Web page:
Puck Wudj Ininees Or The Vanishing Little Men


There was a time when all the inhabitants of the earth had died,

excepting two helpless children, a baby boy and a little girl. When

their parents died, these children were asleep. The little girl, who

was the elder, was the first to wake. She looked around her, but seeing

nobody besides her little brother, who lay asleep, she quietly resumed

her bed. At the end of ten days her brother moved without opening his

eyes. At the end of ten days more he changed his position, lying on the

other side.

The girl soon grew up to woman's estate, but the boy increased in

stature very slowly. It was a long time before he could even creep. When

he was able to walk, his sister made him a little bow and arrows, and

suspended around his neck a small shell, saying, you shall be called

Wa-Dais-Ais-Imid, or He of the Little Shell. Every day he would go out

with his little bow, shooting at the small birds. The first bird he

killed was a tomtit. His sister was highly pleased when he took it to

her. She carefully skinned and stuffed it, and put it away for him. The

next day he killed a red squirrel. His sister preserved this too. The

third day he killed a partridge (Peena), which she stuffed and set up.

After this, he acquired more courage, and would venture some distance

from home. His skill and success as a hunter daily increased, and he

killed the deer, bear, moose, and other large animals inhabiting the

forest. In fine he became a great hunter.

He had now arrived to maturity of years, but remained a perfect infant

in stature. One day, walking about, he came to a small lake. It was in

the winter season. He saw a man on the ice killing beavers. He appeared

to be a giant. Comparing himself to this great man he appeared no

bigger than an insect. He seated himself on the shore, and watched his

movements. When the large man had killed many beavers, he put them on a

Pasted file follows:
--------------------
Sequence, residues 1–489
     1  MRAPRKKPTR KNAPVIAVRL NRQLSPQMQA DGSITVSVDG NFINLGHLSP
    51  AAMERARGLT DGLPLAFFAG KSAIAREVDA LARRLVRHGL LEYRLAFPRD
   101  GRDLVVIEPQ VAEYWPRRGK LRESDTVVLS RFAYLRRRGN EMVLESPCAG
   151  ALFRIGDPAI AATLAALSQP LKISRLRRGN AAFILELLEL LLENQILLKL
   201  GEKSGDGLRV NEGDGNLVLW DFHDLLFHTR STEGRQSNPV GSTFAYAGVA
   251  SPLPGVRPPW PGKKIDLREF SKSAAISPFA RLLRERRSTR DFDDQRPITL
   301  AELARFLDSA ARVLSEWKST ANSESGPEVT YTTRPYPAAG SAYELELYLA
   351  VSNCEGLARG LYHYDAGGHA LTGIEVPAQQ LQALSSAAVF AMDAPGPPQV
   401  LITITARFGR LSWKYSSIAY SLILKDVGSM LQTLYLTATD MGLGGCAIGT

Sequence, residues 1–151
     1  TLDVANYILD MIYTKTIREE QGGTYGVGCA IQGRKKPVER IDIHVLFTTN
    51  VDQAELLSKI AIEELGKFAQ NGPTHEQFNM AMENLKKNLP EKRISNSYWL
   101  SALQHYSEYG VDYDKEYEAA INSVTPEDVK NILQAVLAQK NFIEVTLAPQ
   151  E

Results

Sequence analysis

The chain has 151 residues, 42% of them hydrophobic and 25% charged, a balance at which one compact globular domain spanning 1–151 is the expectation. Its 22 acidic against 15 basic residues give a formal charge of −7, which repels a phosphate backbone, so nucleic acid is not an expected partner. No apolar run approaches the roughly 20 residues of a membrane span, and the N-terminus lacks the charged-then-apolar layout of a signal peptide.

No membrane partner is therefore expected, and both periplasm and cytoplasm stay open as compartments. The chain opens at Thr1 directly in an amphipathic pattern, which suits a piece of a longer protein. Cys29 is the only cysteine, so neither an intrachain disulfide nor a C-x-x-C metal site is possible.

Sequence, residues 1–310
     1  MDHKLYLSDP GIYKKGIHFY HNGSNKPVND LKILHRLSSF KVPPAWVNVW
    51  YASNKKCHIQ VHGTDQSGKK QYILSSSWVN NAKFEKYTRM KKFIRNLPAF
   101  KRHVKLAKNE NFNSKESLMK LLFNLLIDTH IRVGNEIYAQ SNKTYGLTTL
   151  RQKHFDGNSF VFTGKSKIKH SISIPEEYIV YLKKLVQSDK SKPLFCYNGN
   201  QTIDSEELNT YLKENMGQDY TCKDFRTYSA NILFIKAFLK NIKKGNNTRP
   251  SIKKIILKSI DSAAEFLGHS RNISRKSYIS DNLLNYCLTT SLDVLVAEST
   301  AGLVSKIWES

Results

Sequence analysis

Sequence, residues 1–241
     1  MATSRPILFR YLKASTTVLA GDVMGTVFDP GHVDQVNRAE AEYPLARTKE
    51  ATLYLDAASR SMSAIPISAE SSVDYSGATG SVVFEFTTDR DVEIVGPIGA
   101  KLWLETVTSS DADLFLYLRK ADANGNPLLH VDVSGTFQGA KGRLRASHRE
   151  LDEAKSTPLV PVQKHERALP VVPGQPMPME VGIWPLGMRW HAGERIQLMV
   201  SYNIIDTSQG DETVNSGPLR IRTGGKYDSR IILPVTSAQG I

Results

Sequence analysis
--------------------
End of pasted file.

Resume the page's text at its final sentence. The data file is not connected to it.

hand sled which he had, and pursued his way home. When he saw him

retire, he followed him, and wielding his magic shell, cut off the tail

of one of the beavers, and ran home with his trophy. When the tall

stranger reached his lodge, with his sled load of beavers, he was

surprised to find the tail of one of them gone, for he had not observed

the movements of the little hero of the shell.

The next day Wa-Dis-Ais-Imid, went to the same lake. The man had

already fixed his load of beavers on his odaw'bon, or sled, and

commenced his return. But he nimbly ran forward, and overtaking him,

succeeded, by the same means, in securing another of the beaver's

tails. When the man saw that he had lost another of this most esteemed

part of the animal, he was very angry. I wonder, said he, what dog it

is, that has thus cheated me. Could I meet him, I would make his flesh

quiver at the point of my lance. Next day he pursued his hunting at the

beaver dam near the lake, and was followed again by the little man of

the shell. On this occasion the hunter had used so much expedition,

that he had accomplished his object, and nearly reached his home,

before our tiny hero could overtake him. He nimbly drew his shell and

cut off another beaver's tail. In all these pranks, he availed himself

of his power of invisibility, and thus escaped observation. When the

man saw that the trick had been so often repeated, his anger was

greater than ever. He gave vent to his feelings in words. He looked

carefully around to see whether he could discover any tracks. But he

could find none. His unknown visitor had stepped so lightly as to leave